US Home Sales Market Dropped in December

By Bryan Jung
Bryan Jung
Bryan Jung
Bryan S. Jung is a native and resident of New York City with a background in politics and the legal industry. He graduated from Binghamton University.
January 21, 2022Updated: January 23, 2022

Home sales across the United States fell in December for the first time in four months as higher prices and low housing stock continued to shut out first-time buyers.

First-time buyers accounted for 30 percent of sales last month, compared to 31 percent a year earlier.

The availability of existing houses fell to the lowest level in more than two decades.

Existing home sales slumped 4.6 percent to a seasonally adjusted annual rate of 6.18 million units last month, according to the National Association of Realtors in a report on Jan. 20. Economists polled by Reuters predicted that sales would fall to a rate of 6.44 million units.

However, demand for homes remains high, according to the association.

Median housing prices jumped to $358,000 in December, an increase of 15.8 percent from a year earlier. House prices averaged a record $346,900 in 2021, up 16.9 percent from 2020.

Homes sold in an average of 19 days, slightly higher than during the summer, although the number of houses for sale slumped to just 910,000 in December, the fewest since records began in 1999.

“It’s very hard for sales to meaningfully grow when there’s just not that much available to buy,” said Kwame Donaldson, senior economist for real estate website Zillow.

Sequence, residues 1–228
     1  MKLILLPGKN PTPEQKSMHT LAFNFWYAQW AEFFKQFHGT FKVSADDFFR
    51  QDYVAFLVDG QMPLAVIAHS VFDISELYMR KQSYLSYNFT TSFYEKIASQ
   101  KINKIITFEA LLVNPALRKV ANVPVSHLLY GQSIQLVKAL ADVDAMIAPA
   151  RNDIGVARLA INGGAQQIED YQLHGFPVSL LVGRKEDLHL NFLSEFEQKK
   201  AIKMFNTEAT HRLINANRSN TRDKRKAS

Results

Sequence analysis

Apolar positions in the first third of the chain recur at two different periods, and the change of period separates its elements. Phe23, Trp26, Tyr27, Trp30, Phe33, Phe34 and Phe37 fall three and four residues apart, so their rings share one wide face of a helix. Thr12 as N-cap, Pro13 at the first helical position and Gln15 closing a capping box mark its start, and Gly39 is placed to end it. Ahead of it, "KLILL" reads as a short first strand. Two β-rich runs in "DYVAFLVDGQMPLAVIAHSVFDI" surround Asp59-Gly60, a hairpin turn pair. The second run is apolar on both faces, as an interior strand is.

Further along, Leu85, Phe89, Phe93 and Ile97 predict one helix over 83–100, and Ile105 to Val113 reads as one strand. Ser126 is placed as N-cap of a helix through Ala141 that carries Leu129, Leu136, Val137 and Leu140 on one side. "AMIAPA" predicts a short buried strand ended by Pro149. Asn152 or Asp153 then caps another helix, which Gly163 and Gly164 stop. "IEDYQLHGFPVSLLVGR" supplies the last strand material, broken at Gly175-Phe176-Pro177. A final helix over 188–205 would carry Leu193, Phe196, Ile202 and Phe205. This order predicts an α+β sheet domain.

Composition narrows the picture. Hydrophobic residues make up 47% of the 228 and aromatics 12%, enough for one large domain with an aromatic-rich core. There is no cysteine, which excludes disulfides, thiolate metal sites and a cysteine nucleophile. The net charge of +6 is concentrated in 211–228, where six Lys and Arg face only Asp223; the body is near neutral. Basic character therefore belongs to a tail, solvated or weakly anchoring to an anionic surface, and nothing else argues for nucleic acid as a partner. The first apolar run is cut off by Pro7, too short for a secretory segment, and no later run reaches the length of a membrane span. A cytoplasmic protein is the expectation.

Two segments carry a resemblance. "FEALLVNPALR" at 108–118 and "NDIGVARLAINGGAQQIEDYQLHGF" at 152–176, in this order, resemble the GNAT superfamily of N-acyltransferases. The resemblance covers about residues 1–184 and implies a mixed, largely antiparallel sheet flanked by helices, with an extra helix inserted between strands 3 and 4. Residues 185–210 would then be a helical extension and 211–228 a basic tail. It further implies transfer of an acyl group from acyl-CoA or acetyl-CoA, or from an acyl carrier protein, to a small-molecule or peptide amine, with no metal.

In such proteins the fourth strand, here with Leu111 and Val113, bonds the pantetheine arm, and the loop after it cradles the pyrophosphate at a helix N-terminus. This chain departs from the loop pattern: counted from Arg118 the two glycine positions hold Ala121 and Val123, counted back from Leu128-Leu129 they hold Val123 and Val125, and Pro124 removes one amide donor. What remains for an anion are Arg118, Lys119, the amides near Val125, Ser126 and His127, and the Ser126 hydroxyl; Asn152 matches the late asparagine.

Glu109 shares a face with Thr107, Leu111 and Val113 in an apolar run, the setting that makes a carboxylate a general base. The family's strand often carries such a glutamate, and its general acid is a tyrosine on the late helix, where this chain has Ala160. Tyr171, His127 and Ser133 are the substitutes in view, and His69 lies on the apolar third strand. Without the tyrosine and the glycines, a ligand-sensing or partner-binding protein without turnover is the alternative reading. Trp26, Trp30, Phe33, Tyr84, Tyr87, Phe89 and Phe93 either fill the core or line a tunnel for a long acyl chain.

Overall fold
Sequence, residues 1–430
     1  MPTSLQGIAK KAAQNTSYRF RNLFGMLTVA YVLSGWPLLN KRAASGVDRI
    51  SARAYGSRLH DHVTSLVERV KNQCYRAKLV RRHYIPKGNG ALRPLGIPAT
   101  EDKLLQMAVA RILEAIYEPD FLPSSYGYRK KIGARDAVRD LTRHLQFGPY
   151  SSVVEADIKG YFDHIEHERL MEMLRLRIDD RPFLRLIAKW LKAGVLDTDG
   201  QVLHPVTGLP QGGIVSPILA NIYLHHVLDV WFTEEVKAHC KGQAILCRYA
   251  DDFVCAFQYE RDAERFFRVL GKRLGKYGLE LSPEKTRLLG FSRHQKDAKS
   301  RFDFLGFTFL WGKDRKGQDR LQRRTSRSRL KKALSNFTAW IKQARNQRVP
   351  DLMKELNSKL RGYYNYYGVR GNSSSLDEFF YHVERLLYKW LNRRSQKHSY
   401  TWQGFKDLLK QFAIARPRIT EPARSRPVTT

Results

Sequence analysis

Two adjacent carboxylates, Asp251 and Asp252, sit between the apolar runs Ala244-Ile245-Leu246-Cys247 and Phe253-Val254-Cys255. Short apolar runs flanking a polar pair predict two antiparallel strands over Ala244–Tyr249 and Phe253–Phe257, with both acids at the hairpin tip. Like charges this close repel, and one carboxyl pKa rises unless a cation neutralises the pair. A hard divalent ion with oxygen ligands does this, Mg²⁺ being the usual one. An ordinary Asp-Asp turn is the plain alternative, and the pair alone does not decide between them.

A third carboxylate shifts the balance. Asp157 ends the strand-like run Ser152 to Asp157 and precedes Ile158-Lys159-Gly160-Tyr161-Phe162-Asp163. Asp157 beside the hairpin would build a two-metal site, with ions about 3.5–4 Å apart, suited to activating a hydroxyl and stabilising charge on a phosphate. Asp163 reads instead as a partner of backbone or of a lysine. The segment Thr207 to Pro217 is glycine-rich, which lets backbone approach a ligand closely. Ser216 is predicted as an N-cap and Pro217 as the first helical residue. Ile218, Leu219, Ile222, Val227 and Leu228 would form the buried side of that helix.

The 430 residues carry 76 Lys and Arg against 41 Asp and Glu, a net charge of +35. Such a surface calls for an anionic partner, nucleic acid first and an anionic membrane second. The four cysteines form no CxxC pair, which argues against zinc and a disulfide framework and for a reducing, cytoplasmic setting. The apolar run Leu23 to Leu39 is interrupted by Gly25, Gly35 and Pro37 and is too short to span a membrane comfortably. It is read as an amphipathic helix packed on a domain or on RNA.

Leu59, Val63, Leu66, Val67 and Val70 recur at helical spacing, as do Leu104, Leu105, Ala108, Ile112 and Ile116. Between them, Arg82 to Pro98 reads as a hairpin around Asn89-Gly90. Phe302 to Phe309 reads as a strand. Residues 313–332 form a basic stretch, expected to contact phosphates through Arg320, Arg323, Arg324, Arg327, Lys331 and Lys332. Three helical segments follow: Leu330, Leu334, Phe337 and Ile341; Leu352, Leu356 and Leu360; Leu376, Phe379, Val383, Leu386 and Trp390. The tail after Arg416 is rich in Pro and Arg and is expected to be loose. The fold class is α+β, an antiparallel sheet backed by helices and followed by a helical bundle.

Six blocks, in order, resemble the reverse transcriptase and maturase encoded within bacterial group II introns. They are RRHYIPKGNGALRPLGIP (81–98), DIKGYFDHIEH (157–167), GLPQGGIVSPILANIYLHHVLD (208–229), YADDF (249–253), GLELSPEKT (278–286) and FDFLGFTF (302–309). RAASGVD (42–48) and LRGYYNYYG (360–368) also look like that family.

“Existing home sales fell back to earth in December after an unexpectedly strong autumn. … This reversal can be traced to a dramatic decrease in options for buyers.”

The inventory of homes for sale has fallen 40 percent from pre-pandemic levels, he said.

Donaldson said that the Omicron variant may have caused a scare and discouraged sellers from putting their homes on the market, driving down inventory.

Home sales soared after the initial pandemic lockdowns ended and many Americans sought more space for home offices and for their families.

The market also was fueled by strong job and income gains.

The year 2021 was an overall healthy one for home sales, which reached a total of 6.12 million, up 8.5 percent from 2020 and the most since 2006, before the 2007–2008 housing bubble crisis.

Demand for housing is being fueled by the resale and renovation of old homes by individuals, as well as investors taking advantage of the booming housing market.

Home resales, which account for the bulk of U.S. home sales, fell 7.1 percent from 2020.

Rising mortgage rates, supply constraints, and higher house prices could make home purchases less affordable this year.

A possible move by the Federal Reserve to begin raising interest rates in March, the first increase since 2018, likely will put a dent in home sales this year, said Lawrence Yun, chief economist for the National Association of Realtors.

Mortgage rates spiked sharply in late December, after sales were mostly completed.

The expectations of higher borrowing costs likely drove up home purchases in the fall.

A major backlog of unfinished houses authorized for construction is being blamed on higher material costs and shortages, which added weeks to typical single-family construction times.

The United States nearly doubled the duties on imported Canadian softwood lumber in November to 17.9 percent from 9 percent after a review of its anti-dumping and countervailing duty orders.

Sales remained concentrated in the higher-price end of the market.